last night i went to see a lecture by noted author, barbara ehrenreich. for those of you who don't know who she is, she is a really good writer, someone who i actually consider a sociologist (although i doubt she would own up to that title). she writes mainly about class and gender in the states and her latest book, nickel and dimed sounds like a fantastic look inside the world of low wage labor. i haven't read it yet, but it is surely now on my short list of books to read.
anyways, she was a great speaker - funny, sarcastic, and passionate all at once. she spoke about her experiences for the book. what she did was get really low paying jobs in several cities around the US and based on her salary from those jobs (wal-mart associate and housecleaner), she wanted to find out if she could make ends meet. her conclusion, as you might guess is that you can't. even in states where the minimum wage is above the federally mandated $5.15 an hour, she figured that you would have to work 128 hours a week, just to get a decent place to live and feed yourself. furthermore, she found out that this kind of labor, despite being stigmatized by us, are far from low-skill.
anyways, i won't neccesarily get into all of the specifics of her talk, but one thing that did stick our for me was her discussion of the moral polarization of the the US. we all know about the economic (rich get richer, poor get poorer) and political (right gets more extreme, the left smokes more pot) polarization of the states, but i think that it was instructive to think of it in moral terms. the basic gist of this concept is that we enforce more morals in the form of legislation and restrictions on the poor. we make them take drug tests to get jobs, we prosecute them more extremely for first offenses, and we blame any kind of economic poverty on the lack of moral quality of people. meanwhile at the other end of the spectrum, an "anything goes" mentality is accepted for their actions in the name of capitalism. in other words, corporations knowlingly make decisions that will hurt people that can't protect themselves, we let CEO's try to defend themselves by feigning ignorance, and we let them pay people less than they need to live for things that the rich people need to stay rich.
not that this is news or anything, but i definitely appreciated the way she presented it. you see, here at the ragin asian, one thing that we are especially fond of doing is calling people douchebags when they are trying to claim that they are not. and that's something that i don't think that normal people do enough when it comes to class in america. it's not that economic forces drive walmart to rip of their employees. rather, it's someone who makes a conscious decision to make money off the hardship of others. in other words, people aren't poor because of structural factors necessarily, they're poor because those in power are a bunch of big douchebags. and she wasn't afraid to name names when she called these people douchebags. of course, she didn't use the phrase, "douchebag", but i still think that basically, she and i are kindred spirits in this respect.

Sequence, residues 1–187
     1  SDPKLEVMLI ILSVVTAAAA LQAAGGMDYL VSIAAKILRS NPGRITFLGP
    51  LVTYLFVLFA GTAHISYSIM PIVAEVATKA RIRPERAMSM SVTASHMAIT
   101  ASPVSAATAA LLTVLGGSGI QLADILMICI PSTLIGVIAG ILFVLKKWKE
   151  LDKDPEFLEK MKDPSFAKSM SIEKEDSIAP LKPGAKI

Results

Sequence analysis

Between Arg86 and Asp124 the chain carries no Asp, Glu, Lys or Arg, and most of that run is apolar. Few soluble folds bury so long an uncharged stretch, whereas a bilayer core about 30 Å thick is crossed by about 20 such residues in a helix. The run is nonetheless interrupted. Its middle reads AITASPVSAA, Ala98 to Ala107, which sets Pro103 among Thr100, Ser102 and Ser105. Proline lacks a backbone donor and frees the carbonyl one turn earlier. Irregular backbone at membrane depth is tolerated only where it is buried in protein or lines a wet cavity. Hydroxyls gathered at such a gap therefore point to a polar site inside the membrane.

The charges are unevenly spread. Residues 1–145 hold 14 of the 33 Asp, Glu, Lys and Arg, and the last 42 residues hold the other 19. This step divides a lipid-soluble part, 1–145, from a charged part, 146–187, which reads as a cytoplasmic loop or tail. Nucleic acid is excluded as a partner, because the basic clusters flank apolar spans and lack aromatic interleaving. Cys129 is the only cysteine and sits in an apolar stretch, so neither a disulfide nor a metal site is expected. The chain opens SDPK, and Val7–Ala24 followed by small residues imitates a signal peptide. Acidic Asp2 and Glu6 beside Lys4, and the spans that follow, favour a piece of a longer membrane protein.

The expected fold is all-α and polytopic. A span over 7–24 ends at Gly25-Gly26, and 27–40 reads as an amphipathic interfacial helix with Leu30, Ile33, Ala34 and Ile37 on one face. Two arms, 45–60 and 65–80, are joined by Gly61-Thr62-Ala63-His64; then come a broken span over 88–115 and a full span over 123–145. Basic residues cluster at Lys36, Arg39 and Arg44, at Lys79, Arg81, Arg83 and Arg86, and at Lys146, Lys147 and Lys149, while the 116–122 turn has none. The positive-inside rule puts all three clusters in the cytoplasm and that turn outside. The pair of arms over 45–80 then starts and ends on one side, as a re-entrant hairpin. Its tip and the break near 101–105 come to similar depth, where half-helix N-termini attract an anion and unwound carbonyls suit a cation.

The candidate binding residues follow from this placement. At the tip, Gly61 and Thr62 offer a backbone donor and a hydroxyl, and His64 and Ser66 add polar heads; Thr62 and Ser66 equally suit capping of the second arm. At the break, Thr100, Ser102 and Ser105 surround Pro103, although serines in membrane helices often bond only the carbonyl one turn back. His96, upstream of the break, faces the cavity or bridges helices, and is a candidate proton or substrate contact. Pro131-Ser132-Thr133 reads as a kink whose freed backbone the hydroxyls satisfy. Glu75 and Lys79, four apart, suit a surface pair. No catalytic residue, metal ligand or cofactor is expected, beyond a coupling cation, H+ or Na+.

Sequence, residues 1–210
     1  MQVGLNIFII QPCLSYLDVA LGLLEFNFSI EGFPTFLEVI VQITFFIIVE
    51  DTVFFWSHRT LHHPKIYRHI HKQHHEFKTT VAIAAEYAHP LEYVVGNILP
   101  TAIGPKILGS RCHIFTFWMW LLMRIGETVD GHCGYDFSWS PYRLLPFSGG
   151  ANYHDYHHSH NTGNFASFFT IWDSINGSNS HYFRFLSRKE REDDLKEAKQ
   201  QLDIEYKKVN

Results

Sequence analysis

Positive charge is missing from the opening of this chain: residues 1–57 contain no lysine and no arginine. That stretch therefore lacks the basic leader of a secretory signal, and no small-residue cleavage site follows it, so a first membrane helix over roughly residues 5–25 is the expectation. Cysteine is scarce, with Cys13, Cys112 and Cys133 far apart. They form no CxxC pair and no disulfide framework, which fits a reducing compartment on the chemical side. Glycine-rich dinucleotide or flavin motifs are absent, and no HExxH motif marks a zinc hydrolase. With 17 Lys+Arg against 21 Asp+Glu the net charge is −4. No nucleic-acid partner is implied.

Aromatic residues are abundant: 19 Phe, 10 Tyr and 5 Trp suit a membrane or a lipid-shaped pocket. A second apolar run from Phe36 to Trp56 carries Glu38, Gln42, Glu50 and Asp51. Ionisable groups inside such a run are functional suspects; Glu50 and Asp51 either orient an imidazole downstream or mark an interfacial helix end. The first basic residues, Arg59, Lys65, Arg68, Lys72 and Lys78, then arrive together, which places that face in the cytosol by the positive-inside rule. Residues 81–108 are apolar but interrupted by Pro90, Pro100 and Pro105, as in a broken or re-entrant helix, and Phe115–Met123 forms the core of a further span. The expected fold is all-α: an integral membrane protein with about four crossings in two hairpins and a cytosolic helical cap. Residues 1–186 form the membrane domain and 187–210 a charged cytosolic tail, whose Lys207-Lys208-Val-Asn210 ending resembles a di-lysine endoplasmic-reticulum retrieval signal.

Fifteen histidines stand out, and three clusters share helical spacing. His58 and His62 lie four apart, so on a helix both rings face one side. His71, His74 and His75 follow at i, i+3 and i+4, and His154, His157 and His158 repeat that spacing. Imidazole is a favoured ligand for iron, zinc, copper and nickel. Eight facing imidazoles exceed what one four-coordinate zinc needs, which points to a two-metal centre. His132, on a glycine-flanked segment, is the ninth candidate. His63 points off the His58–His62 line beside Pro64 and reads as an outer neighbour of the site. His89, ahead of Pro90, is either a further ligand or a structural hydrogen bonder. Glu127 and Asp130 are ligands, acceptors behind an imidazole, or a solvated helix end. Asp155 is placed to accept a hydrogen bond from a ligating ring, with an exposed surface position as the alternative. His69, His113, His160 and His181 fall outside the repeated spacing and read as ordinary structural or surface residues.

she's the kind of researcher that i aspire to be. someone who uses rigorously sound research methodology, writes in a completely accessible way, and really teaches something to her reader that they might not have known before or at the very least gets them to think about something in a different way. i really feel like i learned something last night. and i've been in higher ed for over 10 years now. believe me, i know stuff, and she still was able to present things that i've never thought about or knew.
the thing is it's so hard to believe any writer these days. we're so jaded by political partisanship or general distrust of media. but i believe her. i think that she is speaking after careful reasoned thought and she is speaking from the heart. i know full well that she's as a proclaimed liberal as they come, but i still think that she still has come to the right conclusions, which i think is something that is rare here in the 21st century. so in some sense, to me, she's a lot like bono (except that bono probably had better hair in 1986).
anyways, she's completely right about how we as a nation and government approach the problem of poverty. seriously people, just think, not more than 40 or so years ago, there was a real movement that all sorts of people got behind, a war on poverty. people really seemed to want to try and do something about this. i can't know for sure, since i wasn't there, but from what i can tell, the movement was real, and some real progress was made. however, it just doesn't seem like that's the case anymore. obviously, part of the problem are apathetic douchebags like me who sit in the ivory tower without doing anything accept make dick and fart jokes about celebrities. but barb's talk was almost enough to get me off my lazy ass and do soemthing....almost, of course, apathy will always probably rule here at the ragin asian.
anyways, i still need to blog aobut the SFJazz collective concert and i have some things to say about jermaine o'neil's recent comments, but i really wanted to get this post up. if you have the time, i really recommend that you read an article that she wrote for harper's magazine, called welcome to cancerland. it's one of those pieces that should completely change the way you think about health care and gender here in these states.